- After 30 seconds, reverse direction.
The walking lunge challenges your stability, requiring you to engage your core as well as your glutes and legs. It will also help stretch your hip flexors, warming them up for cardio or compound strength-training moves like the lunge and squat.
- Stand tall with your feet hip-width apart and your arms at your sides.
- Keeping your chest lifted, shoulders back, core braced, and back flat, take a large step forward with your right foot, lowering your body until your right thigh is parallel to the floor and both knees are bent 90 degrees.
- Bring your left foot forward to return to a standing position.
- Lunge forward again, this time with your left foot. Continue alternating legs, performing equal reps on both.
This is one of King’s go-to warm-up moves, as is the next one. It will help loosen up the back, hips, and core.
- Stand with your feet hip-width apart, knees slightly bent, hands on hips.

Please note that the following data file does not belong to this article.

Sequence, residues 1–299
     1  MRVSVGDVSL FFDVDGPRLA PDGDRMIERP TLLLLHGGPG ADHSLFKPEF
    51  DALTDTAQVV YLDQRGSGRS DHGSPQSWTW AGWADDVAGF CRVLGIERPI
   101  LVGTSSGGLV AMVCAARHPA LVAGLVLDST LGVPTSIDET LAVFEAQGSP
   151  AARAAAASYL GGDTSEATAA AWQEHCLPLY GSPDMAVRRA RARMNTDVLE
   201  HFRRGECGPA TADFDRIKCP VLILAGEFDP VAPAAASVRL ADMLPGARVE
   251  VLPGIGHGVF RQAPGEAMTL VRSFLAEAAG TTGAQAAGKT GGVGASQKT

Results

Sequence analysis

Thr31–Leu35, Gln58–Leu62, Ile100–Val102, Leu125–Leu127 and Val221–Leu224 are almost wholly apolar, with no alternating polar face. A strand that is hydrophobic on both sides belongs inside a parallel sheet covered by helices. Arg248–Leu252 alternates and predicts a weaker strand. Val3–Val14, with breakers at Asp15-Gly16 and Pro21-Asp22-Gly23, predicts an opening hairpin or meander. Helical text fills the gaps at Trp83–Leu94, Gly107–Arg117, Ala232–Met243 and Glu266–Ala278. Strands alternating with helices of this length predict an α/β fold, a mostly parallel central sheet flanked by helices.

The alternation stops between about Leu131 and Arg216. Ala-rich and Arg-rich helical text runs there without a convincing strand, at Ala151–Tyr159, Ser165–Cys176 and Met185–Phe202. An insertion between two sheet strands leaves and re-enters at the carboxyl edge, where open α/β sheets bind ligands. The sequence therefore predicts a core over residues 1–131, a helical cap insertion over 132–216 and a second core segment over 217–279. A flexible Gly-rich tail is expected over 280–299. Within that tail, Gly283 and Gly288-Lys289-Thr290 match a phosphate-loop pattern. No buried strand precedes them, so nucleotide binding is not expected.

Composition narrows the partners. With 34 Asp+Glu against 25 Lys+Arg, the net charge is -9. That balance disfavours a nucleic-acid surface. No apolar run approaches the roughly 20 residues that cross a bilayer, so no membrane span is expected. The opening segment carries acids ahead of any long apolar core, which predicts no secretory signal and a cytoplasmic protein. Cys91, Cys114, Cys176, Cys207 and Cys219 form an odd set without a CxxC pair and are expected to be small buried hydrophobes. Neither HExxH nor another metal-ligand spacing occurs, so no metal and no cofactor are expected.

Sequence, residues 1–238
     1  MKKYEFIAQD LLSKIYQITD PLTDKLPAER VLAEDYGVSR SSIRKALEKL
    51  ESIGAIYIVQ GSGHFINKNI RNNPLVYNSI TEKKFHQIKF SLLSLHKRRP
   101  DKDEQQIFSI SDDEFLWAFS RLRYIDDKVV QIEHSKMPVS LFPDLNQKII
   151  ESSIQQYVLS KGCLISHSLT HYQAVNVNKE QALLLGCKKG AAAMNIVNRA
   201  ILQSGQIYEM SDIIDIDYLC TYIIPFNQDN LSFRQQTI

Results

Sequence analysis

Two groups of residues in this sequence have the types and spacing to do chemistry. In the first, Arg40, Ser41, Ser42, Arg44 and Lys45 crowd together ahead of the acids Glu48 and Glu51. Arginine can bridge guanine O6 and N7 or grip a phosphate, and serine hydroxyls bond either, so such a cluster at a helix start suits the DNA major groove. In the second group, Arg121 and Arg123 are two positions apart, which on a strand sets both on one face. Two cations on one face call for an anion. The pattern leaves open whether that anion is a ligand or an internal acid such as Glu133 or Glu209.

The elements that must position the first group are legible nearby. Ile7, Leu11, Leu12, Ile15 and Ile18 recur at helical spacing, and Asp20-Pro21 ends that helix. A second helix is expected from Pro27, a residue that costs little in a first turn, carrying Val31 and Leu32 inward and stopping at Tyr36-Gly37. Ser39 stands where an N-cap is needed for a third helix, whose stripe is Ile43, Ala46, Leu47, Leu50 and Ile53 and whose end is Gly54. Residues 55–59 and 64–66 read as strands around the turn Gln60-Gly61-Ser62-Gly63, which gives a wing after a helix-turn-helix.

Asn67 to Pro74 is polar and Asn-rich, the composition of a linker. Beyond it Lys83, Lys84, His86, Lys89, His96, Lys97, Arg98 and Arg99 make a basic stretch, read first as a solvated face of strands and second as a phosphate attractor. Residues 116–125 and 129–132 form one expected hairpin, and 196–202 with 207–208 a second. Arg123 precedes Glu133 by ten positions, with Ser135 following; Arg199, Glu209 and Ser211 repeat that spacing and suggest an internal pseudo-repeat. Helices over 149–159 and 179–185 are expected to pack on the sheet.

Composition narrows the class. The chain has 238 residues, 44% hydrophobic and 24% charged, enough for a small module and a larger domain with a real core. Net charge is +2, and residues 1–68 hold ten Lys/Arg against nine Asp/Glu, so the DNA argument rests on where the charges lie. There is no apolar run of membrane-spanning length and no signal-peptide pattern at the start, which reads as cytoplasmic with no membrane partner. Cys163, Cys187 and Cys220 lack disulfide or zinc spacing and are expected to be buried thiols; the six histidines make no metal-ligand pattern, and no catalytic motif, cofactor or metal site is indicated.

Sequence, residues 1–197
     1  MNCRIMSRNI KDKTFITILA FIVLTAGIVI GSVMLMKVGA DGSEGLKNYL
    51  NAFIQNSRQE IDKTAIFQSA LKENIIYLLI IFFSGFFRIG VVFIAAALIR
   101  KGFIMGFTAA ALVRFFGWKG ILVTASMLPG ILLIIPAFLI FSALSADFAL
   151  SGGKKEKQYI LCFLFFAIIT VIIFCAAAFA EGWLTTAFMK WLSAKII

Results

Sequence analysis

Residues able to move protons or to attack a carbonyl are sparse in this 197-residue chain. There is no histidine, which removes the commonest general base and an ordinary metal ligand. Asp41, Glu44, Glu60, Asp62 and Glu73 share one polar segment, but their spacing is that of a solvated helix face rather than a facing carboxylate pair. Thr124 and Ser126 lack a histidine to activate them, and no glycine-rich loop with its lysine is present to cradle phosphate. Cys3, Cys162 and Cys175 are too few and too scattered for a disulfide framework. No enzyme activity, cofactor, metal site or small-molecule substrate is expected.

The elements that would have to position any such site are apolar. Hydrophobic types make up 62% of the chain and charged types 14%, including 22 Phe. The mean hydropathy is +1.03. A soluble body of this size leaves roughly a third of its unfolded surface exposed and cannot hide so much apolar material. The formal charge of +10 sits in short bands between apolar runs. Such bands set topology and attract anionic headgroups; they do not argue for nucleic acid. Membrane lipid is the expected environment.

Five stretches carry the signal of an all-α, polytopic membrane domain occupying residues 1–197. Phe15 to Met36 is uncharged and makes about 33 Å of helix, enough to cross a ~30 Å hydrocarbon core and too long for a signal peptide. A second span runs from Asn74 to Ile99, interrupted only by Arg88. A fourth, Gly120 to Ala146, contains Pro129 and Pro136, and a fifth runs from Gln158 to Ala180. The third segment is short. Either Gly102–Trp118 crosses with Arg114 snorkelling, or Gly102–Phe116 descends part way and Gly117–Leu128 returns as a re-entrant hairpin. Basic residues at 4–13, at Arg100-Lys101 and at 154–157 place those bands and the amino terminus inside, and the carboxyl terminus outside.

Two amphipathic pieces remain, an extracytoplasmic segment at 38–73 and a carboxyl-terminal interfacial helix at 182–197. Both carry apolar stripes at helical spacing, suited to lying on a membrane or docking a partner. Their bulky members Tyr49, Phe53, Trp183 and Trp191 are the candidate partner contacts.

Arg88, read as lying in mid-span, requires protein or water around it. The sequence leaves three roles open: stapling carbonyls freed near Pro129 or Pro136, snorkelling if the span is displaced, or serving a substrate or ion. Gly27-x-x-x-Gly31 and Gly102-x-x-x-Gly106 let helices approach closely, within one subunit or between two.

- Move your hips in a clockwise circle (forward, right, back, left), making larger circles as your muscles warm up.
- Continue for 30 seconds, and then repeat in the opposite (counterclockwise) direction.
Lateral and forward leg swing
The combination of these two moves will help warm up not only your
hip muscles and joints, but also your glutes and hamstrings.
Lateral leg swing
- Stand tall with your feet together and your arms extended out to your sides or gripping a stable surface for balance.
- Shift your weight to your left leg and raise your right leg out to your right side.
- Keeping your chest lifted, core braced, and back flat, swing your right leg back and forth in front of your left.
- Continue for 30 seconds, switch legs, and repeat.
Forward leg swing
- Stand tall with your feet together and your arms at your sides or gripping a stable surface for balance.
- Shift your weight onto your left leg, and then swing your right leg and left arm in front of you.